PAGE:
In part 1, we dove into the intention-behavior gap, what it is, and discussed a few of the fundamental predictors of behavior (more specifically, predictors of our physical activity). Some of these psychological predictors can often go unnoticed in our day to day; we may participate in beneficial or detrimental behaviors without even realizing it which ultimately impacts how we choose to act later on.
Reread part 1 here.
Now that we understand a bit more regarding the phases of behavior change and what drives us to make these big decisions, we can move forward into applying these strategies and the present study’s key findings towards our own goals.
Physical exercise assessments
In order to assess physical activity, the patients were asked to report how many times per week they engaged in different types of exercise activities. Two different indicators were used to establish the activity levels of the patients: the first being a checklist of endurance sports (swimming, power-walking, biking, etc.) which tallied up a score correlating to its frequency for the week, and the second being higher-strain activities similar to those used in the rehabilitation center (bicycle ergometer) which was also tallied up based on frequency over the week.
There were no baseline differences to note between the patients who did and did not complete all three questionnaires (Time 1 to Time 3). One important distinction observed was within the exercise intentions at baseline; those who didn’t complete all three questionnaires were shown to have slightly lower intentions from the start.
Exercise was significantly associated with all psychological variables of the motivational and volitional phases (excluding risk awareness). In the motivational phase, task self-efficacy was shown to be the strongest predictor of our intentions, while action control, specifically, surpassed all variables as being the most influential predictor of exercise behavior.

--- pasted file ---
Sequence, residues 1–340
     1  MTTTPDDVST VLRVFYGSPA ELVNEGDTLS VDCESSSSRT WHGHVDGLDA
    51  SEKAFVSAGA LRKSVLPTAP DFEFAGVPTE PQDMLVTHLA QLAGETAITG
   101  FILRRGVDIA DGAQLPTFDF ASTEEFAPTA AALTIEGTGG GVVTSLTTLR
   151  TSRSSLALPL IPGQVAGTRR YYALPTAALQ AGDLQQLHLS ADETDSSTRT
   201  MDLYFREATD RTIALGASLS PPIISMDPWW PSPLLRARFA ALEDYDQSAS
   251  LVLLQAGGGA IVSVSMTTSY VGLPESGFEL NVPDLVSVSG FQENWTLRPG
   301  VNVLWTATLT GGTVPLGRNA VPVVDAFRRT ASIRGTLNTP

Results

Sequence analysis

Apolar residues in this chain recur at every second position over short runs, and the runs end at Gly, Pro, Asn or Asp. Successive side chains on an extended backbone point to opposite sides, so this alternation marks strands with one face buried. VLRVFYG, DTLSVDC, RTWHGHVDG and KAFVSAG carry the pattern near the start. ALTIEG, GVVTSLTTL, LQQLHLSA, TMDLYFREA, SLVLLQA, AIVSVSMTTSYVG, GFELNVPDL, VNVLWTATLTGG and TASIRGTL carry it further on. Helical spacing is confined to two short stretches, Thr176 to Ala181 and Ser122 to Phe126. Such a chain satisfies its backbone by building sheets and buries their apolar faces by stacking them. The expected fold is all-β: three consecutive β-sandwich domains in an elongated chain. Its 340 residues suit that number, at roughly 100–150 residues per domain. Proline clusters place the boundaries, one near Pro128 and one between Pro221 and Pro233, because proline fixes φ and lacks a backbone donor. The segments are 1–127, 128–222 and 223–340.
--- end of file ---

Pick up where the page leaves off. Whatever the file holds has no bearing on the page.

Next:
As discussed, action control encompasses all acts of self-regulation. These are efforts undergone in order to alter our own behavior – ways we “check in” with ourselves and evaluate if/what we can adjust to ultimately change our habits. This makes a lot of sense. I’m sure we all have weeks we can recollect where we consciously assessed the things we’ve done right or wrong, especially when it comes to dieting! Without proactively self-monitoring, we would fail to do the things that really challenge us (both mentally and physically) and allow us to make the improvements we desire (training, nutritional choices/restraint, etc.).
It should be noted that action planning is not only the strongest predictor of follow up exercise behavior, but it acted as a facilitator of sorts for maintenance of self-efficacy and action planning (both of these independently impacting exercise activity as well). Rather than having one or two key variables to be focused on, there’s more of a unique interplay between the predictors happening here that’s subject to change based on the person and the stage/challenges they are faced with.